The 9 Things It’s OK to Eat (and Drink) on a Cruise

Keep your body healthy and your mind in check by balancing a healthy diet on vacation

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The 9 Things It’s OK to Eat (and Drink) on a Cruise

Thinkstock / pilipphoto

Staying healthy on vacation is a task in and of itself. But staying healthy when the most decadent foods and delicious drinks are right at your fingertips is quite a test of willpower. Instead of focusing on foods you should avoid, redirect your attention to delicious, healthy foods that you can enjoy. Vacation is about relaxation, and you want food to be the least of your worries. Leah Kaufman, registered dietitian, suggests limiting how much food you consume and being mindful of what you are consuming. 


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“These days, coconut is everywhere,” Kaufman says.  “Coconuts are low in carbs and high in fiber, as they contain four grams of dietary fiber in one portion. Coconuts are also so versatile — you can have them in your morning yogurt, as a sweet snack, or even just drink the juice right out of the fruit.”


Photo modified: Flickr / brownpau / CC BY 4.0

"There is never a limit of fish around when you are out at sea," Kaufman says. "You always want to make sure that one-fourth of your plate is devoted to protein and fish is a great, low-calorie option to fulfill this need. Go for white flaky fish, shrimp, or scallops as these are lower in calories and high in omega-3s."


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“Kiwi is a great tropical fruit usually available on a fruit platter,” Kaufman says. “It’s filled with vitamin C, and some research shows it has even more vitamin C than an orange. It’s widely available in tropical locations, so if you’re going to the Caribbean this fall, kiwi may be your best, local fruit choice!”


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Melons are a great way to stay hydrated on a cruise,” Kaufman explains. “Have some fruit as a side during breakfast or order it as a snack in the middle of the day. It’s a great way to curb that sweet tooth without packing on the calories. At the end of the meal, go for some watermelon rather than that chocolate cake — it’s usually offered as a healthier dessert.”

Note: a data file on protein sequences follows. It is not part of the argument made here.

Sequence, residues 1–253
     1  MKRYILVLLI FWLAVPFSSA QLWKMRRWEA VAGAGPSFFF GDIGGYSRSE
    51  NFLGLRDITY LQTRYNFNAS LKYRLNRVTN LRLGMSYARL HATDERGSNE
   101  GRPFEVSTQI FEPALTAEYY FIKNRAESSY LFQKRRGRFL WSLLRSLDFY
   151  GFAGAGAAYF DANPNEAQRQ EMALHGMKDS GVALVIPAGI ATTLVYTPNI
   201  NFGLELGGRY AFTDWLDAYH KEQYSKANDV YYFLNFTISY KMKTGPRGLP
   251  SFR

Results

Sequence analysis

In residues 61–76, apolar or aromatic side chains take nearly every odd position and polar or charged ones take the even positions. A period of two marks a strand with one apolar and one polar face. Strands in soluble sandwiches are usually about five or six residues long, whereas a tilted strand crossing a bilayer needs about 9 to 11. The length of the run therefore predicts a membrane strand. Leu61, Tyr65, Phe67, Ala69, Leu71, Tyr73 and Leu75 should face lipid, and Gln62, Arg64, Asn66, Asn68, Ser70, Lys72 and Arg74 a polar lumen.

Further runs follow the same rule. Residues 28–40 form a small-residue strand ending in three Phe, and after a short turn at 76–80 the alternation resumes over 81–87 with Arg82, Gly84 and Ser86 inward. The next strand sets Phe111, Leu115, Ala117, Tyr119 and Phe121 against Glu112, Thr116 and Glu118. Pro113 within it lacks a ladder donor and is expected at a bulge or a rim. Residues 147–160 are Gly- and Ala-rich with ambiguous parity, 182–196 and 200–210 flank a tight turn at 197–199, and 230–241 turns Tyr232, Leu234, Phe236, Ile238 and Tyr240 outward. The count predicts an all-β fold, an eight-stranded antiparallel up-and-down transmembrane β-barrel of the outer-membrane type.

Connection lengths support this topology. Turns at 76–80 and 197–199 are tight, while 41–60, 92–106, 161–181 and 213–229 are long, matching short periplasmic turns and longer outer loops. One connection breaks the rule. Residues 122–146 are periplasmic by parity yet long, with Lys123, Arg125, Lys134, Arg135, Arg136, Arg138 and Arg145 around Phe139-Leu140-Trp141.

Natural Fruit Juice

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“Juice can be high in sugar, but when fresh-squeezed juice is available, order away — it can be just as healthy as eating one to two portions of a whole fruit,” Kaufman says. “Consume only four ounces at a time, as more than this can equate to greater than one portion fruit, increasing your sugar consumption.”


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Going to a breakfast buffet? Don't skip the omelette bar. “Studies show that starting your day with a higher-protein breakfast can lead to healthier choices later,” says Kaufman. “Protein can help you feel satisfied longer, preventing you from overeating later.”


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“Cruise ships usually have a salad bar,” Kaufman says. “Eating from the salad bar will help you get plenty of vitamins and nutrients. It will also fill you up, so you’ll be less inclined to have that piece of cake for dessert. Go for the darker green leafy vegetables for added nutrients such as vitamin K and iron — great for increasing your energy for those fun daytime activity.”


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“Make sure to continue drinking at least eight cups of water while cruising,” Kaufman says. “When so many juices, alcohols, and sodas are readily available, it’s difficult to remember your water.” Kaufman notices that a lot of times her patients mistake hunger for thirst. She stresses the importance of listening to your body during a cruise, because this misperception may be exacerbated when you have so many food options at your fingertips. 

Whole-Wheat Pasta

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Whole-wheat pasta is healthier than regular pasta, as it has more fiber,” Kaufman says. “Whole-wheat products have more vitamins and nutrients, such as folic acid, which is great for maintaining attention.”  Kaufman suggests asking for the sauce on the side or ordering less sauce on your pasta. The sauce tends to include extra calories and sugar.